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Tuesday 2 September 2014

Uproar as Sarkozy accused of 'abusing' frail L'Oreal heiress

John Lichfield, Paris

Published 23/03/2013 | 05:00

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Nicolas Sarkozy

A political and legal brawl has broken out in France after the former president, Nicolas Sarkozy, was placed under investigation for "abusing" the mental weakness of one of the world's richest women.

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Supporters and friends of Mr Sarkozy attacked the decision by an independent investigating magistrate as a "dishonourable" and politically motivated "persecution".

A magistrates' union in turn threatened to sue senior centre-right politicians for launching "illegal" and "abject" attacks on the independence of the justice system.

Judge Jean-Michel Gentil, based in Bordeaux, has produced what French newspapers described as a "political earthquake" and a "thunderbolt".

He placed Mr Sarkozy (58) under formal investigation for the alleged "abuse" of the mental frailty of Liliane Bettencourt (90) by badgering the L'Oreal heiress for campaign funds during his successful presidential run in 2007.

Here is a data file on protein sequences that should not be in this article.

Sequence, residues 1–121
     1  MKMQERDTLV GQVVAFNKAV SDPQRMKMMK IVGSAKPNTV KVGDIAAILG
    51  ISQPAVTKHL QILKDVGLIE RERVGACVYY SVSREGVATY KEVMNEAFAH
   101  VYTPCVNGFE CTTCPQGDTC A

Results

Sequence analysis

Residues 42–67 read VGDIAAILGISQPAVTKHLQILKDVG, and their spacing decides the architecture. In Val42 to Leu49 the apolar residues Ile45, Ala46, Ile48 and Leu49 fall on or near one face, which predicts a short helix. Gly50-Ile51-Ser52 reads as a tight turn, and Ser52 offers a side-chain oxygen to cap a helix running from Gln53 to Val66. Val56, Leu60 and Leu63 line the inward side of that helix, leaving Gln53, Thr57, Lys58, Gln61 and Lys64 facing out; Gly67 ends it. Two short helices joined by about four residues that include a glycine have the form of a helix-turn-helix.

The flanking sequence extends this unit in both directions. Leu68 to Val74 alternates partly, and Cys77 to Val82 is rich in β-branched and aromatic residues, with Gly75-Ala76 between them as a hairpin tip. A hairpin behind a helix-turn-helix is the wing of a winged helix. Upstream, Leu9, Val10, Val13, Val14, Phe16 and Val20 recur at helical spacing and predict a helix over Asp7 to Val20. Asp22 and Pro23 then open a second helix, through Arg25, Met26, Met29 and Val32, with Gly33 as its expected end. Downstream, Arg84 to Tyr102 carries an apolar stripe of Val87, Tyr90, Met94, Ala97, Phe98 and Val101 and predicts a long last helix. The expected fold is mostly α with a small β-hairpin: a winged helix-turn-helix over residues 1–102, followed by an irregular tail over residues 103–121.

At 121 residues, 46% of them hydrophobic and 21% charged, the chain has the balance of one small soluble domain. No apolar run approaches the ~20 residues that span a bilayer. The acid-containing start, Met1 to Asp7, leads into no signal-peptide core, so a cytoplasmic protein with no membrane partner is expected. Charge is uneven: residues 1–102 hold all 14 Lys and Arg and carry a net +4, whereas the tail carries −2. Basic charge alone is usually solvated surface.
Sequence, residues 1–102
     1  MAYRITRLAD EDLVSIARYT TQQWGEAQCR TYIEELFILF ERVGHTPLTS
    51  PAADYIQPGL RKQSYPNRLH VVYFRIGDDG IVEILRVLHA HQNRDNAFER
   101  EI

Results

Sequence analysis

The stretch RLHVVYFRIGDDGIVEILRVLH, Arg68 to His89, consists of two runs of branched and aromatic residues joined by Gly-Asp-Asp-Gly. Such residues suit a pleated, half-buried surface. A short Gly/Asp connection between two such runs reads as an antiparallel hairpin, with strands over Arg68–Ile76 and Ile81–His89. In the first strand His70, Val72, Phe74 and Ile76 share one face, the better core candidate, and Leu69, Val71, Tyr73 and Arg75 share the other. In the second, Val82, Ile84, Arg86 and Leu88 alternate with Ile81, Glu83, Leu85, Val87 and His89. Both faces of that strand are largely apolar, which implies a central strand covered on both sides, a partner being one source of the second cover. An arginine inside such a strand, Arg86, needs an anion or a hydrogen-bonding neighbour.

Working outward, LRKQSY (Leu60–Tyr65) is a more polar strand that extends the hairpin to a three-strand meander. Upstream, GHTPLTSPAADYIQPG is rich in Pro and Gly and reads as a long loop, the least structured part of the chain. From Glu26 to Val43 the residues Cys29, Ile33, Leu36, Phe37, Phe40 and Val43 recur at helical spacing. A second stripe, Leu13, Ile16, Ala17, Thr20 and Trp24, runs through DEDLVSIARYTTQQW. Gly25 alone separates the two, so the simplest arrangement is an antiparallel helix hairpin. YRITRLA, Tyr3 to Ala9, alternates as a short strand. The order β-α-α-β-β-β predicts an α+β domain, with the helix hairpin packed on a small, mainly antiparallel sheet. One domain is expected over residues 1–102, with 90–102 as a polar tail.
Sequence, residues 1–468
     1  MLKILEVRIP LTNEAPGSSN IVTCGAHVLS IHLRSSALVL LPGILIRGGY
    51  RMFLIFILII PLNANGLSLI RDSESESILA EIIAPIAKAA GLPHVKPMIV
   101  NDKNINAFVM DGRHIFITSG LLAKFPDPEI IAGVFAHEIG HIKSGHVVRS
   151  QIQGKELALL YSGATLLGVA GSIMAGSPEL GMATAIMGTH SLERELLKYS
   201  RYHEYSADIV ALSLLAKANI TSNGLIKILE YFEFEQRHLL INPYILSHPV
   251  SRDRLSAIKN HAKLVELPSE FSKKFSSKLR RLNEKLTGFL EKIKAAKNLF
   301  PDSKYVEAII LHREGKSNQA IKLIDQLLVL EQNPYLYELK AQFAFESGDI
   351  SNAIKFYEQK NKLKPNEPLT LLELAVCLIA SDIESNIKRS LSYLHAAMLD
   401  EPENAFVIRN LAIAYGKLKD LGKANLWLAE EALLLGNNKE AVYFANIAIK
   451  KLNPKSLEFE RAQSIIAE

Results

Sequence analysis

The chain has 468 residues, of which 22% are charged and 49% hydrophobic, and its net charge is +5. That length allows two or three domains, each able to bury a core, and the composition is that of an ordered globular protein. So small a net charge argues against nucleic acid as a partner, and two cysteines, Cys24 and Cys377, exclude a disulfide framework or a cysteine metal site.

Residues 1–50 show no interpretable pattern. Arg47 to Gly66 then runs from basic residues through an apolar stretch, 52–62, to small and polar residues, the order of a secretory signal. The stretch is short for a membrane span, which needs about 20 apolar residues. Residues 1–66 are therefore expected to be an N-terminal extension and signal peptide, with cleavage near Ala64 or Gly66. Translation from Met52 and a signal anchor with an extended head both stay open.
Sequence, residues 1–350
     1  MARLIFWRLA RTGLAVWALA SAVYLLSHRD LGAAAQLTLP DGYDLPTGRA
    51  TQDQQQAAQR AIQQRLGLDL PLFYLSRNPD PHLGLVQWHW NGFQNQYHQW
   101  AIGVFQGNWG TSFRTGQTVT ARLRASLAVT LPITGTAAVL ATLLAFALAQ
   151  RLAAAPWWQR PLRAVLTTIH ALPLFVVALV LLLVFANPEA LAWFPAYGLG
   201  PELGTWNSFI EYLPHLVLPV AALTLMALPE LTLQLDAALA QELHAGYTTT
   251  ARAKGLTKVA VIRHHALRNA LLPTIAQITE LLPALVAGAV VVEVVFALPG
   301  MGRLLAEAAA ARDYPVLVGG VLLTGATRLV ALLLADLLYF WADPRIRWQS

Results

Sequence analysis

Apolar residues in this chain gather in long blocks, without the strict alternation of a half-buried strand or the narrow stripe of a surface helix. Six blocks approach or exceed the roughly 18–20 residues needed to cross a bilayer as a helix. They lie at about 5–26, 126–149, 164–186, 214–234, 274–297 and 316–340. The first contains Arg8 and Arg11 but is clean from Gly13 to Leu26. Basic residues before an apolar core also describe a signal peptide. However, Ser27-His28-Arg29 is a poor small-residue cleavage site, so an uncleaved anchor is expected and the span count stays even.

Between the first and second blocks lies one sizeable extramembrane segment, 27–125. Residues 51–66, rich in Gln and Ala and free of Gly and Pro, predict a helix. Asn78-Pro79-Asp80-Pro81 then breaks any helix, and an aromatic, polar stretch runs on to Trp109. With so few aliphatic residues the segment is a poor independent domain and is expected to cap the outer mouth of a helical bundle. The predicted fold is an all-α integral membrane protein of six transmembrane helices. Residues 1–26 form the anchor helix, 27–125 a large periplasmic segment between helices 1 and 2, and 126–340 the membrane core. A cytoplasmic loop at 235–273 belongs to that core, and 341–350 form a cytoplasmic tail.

In other words, the judge accused the former president not of illegal campaign financing but of taking advantage of the frail mental state of an elderly billionaire.

Humiliating

Mr Sarkozy's supporters were indignant that their hero – nominally retired from politics after his defeat last spring – should face such a serious and humiliating accusation.

If found guilty, Mr Sarkozy could face up to three years in jail and a five-year ban from public life. Henri Guaino, Mr Sarkozy's former speech-writer and now a centre-right MP, said the judge had "dishonoured" the former president as well as the country and its justice system.

The judge's surname means 'nice', but he has a reputation for toughness bordering on severity.

Patrick Balkany, the mayor of Levallois-Perret near Paris, told French radio the ruling was "politically driven" and intended to distract attention from the recent resignation of the Socialist budget minister, Jerome Cahuzac, after he was accused of tax evasion.

A medical study concluded last year that Ms Betancourt had been suffering from a form of Alzheimer's disease since December 2006.

Nine other people have already been placed under investigation by Judge Gentil in relation to the case.

The judge is expected to wrap up his investigation in the next few weeks and recommend that most of these suspects should be sent for trial. (© Independent News Service)

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